TOPEKA | Dental health in Kansas has improved since 2003.
But a national organization says the state's lack of access to dentists in rural areas and Wichita's resistance to putting fluoride in city affected the state's dental health grade.
The state was graded by Oral Health America, a nonprofit group that researches and promotes dental health. Overall, the state scored a 'B,' up from a D-plus in 2003.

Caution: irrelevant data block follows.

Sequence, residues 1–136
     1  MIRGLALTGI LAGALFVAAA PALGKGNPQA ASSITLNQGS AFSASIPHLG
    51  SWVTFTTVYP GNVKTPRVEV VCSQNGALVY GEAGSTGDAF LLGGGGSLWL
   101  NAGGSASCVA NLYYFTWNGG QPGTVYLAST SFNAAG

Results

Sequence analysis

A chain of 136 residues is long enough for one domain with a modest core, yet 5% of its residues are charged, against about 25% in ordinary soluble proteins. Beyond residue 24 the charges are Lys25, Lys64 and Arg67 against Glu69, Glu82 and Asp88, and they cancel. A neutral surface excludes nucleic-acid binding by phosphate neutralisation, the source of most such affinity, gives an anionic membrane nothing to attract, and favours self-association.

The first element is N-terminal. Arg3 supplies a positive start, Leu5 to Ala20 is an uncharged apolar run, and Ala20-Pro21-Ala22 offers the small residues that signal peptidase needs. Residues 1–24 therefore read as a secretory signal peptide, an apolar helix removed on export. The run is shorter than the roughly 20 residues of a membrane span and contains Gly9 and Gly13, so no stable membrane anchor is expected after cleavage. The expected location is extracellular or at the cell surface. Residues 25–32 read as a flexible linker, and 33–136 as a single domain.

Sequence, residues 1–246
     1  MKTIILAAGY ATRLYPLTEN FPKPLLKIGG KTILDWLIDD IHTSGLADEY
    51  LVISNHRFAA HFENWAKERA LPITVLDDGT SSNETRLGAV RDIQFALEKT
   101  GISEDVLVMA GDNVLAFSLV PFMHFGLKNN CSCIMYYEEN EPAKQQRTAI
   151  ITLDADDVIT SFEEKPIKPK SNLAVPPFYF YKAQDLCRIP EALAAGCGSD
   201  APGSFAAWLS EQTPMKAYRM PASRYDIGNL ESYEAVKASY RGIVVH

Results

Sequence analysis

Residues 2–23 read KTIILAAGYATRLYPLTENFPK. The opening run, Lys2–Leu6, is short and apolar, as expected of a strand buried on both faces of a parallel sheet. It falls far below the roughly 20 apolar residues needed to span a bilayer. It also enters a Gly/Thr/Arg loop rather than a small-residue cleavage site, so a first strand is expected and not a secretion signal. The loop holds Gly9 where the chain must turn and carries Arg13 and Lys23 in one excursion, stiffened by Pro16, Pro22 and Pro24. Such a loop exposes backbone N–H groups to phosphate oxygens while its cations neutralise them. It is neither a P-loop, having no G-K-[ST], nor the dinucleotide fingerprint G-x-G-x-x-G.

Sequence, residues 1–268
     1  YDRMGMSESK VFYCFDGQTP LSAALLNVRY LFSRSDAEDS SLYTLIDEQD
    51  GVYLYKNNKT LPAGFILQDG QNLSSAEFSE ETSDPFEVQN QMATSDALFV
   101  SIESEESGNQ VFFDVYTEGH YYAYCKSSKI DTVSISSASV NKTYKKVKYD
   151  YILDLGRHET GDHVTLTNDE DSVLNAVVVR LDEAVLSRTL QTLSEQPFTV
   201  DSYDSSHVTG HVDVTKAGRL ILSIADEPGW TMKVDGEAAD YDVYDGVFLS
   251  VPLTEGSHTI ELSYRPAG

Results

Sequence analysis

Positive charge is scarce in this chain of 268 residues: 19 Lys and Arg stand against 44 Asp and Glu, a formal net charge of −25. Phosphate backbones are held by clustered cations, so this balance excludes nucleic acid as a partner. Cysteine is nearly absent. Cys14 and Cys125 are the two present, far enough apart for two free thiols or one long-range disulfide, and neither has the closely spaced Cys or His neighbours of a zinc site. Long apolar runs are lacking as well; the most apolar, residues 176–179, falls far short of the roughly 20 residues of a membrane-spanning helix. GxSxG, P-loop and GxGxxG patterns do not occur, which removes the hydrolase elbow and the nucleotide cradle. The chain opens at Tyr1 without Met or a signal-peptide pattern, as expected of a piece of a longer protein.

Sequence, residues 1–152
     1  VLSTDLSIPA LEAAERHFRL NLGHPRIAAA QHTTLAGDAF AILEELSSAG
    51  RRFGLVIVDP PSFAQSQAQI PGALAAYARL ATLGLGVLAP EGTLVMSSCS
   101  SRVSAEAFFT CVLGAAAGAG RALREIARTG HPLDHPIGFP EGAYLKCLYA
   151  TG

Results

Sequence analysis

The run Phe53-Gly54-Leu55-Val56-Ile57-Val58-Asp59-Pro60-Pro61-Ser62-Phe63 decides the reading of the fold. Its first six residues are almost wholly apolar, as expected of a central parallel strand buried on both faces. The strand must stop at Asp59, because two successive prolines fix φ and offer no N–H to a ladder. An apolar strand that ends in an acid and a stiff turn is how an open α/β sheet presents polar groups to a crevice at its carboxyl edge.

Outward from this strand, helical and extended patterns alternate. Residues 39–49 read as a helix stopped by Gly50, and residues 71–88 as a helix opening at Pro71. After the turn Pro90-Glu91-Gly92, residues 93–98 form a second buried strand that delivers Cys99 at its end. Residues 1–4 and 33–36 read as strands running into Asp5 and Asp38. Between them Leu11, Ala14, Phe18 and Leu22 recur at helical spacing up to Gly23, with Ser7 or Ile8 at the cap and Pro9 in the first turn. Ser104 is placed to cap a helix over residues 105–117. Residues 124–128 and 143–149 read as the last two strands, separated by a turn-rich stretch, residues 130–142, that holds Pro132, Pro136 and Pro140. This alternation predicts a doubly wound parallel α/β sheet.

Kansas benefited from programs started since 2003. Those programs include dental benefits for disabled and elderly people who receive aid from home- and community-based services and an extended-care permit process that allows dental hygienists to provide treatments in underserved communities.
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Wichita is the second-largest city in the nation not to fluoridate its water. The only larger city is Honolulu. The group says fluoridated water helps prevent tooth decay.